I began the project with a simple question. What makes a great cocktail sauce? For me, it’s about apportioning the sugar, acid, and heat using simple ingredients that add vibrance to seafood. Almost all cocktail sauces have ketchup as the base, but today’s store-bought options involve unfavorable ingredients like high-fructose corn syrup and hidden preservatives.

To keep the Hatch at the center of this infusion, I asked The Fresh Chile Co. to send me their version of ketchup as my first component. It’s a product called, “Hatchup,” which was concocted with local New Mexico ingredients like raw honey, vine-ripened tomatoes, and sun-dried, Hatch red chiles. The blend was a striking flavor all on its own.

I spent hours toggling, rationing, and praying my palate wouldn’t diminish from the taste tests. The first time, I added too much Worcestershire sauce, which doubled the sweetness. Then I overdid it on the lemon which made it too sharp. My horseradish measurements were a debate between me and my husband, who loves a sinus cleanse. The final trick? I should have known! More Hatch red chile. It balanced the flavors perfectly. With a clove of minced garlic, a pinch of pepper, salt, and onion powder, the combinations were singing. By the end, I had exhausted every proportion and littered my countertops with garlic casings, lemon juice, and streaks of red sauce.

Like a day-old bolognese, I chilled the cocktail sauce to enrich its flavors and summoned my friends to a Saturday night tasting party. Twelve hungry seafood fans entered my kitchen to find three bowls of spicy, zingy sauce. To pair the options, we ordered three oyster varieties from Maine Oyster Company, one of my favorite purveyors for bivalves. From New Meadows River to Damariscotta, I was sure their brackish waters would deliver a briny, sweet, and tannic mouthfeel that would complement a chile-inspired sauce.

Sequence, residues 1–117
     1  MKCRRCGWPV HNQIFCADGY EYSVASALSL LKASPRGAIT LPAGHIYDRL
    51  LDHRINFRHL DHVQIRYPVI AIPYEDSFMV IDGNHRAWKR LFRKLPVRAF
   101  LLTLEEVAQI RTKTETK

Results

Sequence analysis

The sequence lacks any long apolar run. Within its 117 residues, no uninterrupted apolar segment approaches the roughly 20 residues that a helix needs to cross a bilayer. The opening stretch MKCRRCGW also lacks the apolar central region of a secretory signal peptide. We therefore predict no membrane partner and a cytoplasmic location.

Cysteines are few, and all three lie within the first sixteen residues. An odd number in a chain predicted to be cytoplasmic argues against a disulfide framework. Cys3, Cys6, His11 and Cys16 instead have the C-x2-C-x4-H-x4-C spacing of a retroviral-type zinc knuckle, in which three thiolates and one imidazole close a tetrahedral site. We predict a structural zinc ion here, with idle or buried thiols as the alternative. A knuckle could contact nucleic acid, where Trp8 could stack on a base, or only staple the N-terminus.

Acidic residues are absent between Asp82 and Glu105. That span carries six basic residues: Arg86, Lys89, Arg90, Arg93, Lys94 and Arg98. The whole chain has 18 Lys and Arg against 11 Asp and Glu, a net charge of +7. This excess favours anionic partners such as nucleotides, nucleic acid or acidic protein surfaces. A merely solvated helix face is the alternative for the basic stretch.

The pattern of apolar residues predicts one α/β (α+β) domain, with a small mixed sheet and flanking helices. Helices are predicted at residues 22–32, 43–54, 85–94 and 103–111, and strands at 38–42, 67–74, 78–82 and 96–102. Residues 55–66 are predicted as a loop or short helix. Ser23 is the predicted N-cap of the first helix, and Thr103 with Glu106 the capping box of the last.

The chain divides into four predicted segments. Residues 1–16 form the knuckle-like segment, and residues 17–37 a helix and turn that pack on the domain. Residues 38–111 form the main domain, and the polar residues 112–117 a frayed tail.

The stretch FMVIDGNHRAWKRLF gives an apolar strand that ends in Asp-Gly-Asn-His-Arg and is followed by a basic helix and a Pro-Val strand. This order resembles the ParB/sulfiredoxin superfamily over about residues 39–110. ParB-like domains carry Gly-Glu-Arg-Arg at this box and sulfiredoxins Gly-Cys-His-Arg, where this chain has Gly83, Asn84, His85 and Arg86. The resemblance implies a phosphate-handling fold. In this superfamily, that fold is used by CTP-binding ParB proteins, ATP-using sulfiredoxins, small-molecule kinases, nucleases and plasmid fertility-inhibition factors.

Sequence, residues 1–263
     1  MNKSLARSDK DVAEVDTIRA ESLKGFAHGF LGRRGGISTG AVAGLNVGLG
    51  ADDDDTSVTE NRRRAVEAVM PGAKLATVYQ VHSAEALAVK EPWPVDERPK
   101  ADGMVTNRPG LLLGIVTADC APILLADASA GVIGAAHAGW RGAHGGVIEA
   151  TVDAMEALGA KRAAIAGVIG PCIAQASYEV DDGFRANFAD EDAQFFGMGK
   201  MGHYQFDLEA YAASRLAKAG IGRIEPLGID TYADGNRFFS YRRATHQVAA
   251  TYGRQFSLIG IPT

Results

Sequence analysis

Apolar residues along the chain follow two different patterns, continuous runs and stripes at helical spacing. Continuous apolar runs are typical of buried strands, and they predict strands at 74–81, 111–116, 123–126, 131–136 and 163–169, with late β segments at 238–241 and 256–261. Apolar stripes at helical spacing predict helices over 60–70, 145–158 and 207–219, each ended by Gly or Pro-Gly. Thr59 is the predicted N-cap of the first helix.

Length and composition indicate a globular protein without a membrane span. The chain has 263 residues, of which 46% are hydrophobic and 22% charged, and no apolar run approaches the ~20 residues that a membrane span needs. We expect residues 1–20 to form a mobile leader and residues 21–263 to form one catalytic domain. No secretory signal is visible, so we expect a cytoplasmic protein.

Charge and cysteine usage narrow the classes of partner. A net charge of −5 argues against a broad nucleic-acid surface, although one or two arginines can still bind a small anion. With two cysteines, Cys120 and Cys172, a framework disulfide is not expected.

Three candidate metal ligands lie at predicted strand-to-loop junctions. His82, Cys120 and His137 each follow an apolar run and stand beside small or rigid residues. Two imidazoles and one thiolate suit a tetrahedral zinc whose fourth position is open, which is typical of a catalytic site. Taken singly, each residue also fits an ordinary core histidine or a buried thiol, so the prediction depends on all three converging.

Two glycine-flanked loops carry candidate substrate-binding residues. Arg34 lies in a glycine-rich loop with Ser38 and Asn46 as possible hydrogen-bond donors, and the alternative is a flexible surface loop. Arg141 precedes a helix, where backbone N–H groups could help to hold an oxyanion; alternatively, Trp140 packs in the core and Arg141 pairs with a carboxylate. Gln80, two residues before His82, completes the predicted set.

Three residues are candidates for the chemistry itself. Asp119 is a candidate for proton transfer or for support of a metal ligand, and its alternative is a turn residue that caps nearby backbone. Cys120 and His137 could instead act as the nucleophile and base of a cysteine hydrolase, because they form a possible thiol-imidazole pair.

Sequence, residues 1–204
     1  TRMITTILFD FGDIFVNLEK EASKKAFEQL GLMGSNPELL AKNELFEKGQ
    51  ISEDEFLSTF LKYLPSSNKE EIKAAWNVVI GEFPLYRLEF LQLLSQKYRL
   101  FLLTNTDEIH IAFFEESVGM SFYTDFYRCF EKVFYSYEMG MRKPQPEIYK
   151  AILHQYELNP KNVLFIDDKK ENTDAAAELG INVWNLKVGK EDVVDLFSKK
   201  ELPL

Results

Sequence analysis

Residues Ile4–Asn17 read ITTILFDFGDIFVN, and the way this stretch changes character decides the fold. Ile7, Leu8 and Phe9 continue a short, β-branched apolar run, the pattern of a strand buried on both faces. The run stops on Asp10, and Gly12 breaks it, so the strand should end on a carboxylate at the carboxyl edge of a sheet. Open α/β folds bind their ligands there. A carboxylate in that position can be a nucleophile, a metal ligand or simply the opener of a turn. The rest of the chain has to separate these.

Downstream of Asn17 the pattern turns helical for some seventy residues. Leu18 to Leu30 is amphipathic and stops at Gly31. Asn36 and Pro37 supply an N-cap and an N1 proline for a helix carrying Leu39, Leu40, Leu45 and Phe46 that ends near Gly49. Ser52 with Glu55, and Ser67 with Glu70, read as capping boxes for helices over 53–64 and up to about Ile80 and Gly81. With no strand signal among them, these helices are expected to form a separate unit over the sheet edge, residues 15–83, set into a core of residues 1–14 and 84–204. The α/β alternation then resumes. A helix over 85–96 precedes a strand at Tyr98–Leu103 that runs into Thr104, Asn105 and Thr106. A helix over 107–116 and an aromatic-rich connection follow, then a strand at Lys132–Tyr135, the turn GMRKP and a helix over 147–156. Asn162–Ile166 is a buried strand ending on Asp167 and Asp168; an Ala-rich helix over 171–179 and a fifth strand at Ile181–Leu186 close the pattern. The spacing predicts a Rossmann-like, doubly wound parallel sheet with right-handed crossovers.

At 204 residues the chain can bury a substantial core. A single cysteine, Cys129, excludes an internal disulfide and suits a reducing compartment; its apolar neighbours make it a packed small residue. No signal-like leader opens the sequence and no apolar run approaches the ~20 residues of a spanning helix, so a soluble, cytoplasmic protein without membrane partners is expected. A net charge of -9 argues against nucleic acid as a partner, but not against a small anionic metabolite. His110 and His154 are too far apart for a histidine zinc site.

We exhausted all the oysters. We tried them with local shrimp, too, both cocktail and grilled. We threw some burgers on the fire and smothered the options on top. We paired them with a dry Chenin Blanc, an elegant champagne, a smooth Pinot Noir, and a classic New England IPA.

“My god, this sauce is a diamond,” said a friend.

“Wait until you try number three,” said another.

“V, you’ve done it,” said a third.

My kitchen stood in shambles. My apron became an abstract painting. My hands burned in spice and citrus. But there was laughter, satisfaction, and approval all around. A smear of sauce and pepper on my cheek raised with a smile.

Once the votes were in, a single bowl rose to the top. This was it. An honest, balanced, and spirited cocktail sauce that bloomed when paired with brine and effervescence. It matched the oyster and the prawn, sans any other additions. It was a triumph. 

The recipe below, taken straight from the scribbles of my notebook, became my favorite accoutrement, an all-American collaboration that brings out the best of Maine and New Mexico.

And it was so good, we bottled it. You can purchase it here, or make your own below with The Fresh Chile Co.'s products.


Makes 100ML, or roughly 1/3 cup of cocktail sauce.

  • 1/4 cup of Hatchup
  • 1/2 tablespoon Fresh Red Chile
  • 1 tablespoon of freshly squeezed lemon juice
  • 1 teaspoon of prepared, freshly grated horseradish
  • 1/4 teaspoon of Worcestershire sauce
  • 1/4 teaspoon of a freshly minced garlic clove
  • 1/4 teaspoon of onion powder
  • 1/8 teaspoon of pepper (three cracks from the pepper shaker)
  • Pinch of salt

Directions: Mix all ingredients together in a bowl. Best if refrigerated for a few hours before serving.